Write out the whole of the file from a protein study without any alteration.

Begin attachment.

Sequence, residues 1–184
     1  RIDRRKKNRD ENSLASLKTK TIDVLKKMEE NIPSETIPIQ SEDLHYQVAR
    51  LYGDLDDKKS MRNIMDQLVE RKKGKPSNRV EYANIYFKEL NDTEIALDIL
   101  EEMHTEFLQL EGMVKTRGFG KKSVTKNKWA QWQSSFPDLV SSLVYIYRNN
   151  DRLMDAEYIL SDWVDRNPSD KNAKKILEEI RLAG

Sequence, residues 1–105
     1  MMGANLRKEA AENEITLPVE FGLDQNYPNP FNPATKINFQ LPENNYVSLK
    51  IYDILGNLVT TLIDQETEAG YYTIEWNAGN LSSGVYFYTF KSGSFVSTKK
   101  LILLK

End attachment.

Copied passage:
Sequence, residues 1–184
     1  RIDRRKKNRD ENSLASLKTK TIDVLKKMEE NIPSETIPIQ SEDLHYQVAR
    51  LYGDLDDKKS MRNIMDQLVE RKKGKPSNRV EYANIYFKEL NDTEIALDIL
   101  EEMHTEFLQL EGMVKTRGFG KKSVTKNKWA QWQSSFPDLV SSLVYIYRNN
   151  DRLMDAEYIL SDWVDRNPSD KNAKKILEEI RLAG

Sequence, residues 1–105
     1  MMGANLRKEA AENEITLPVE FGLDQNYPNP FNPATKINFQ LPENNYVSLK
    51  IYDILGNLVT TLIDQETEAG YYTIEWNAGN LSSGVYFYTF KSGSFVSTKK
   101  LILLK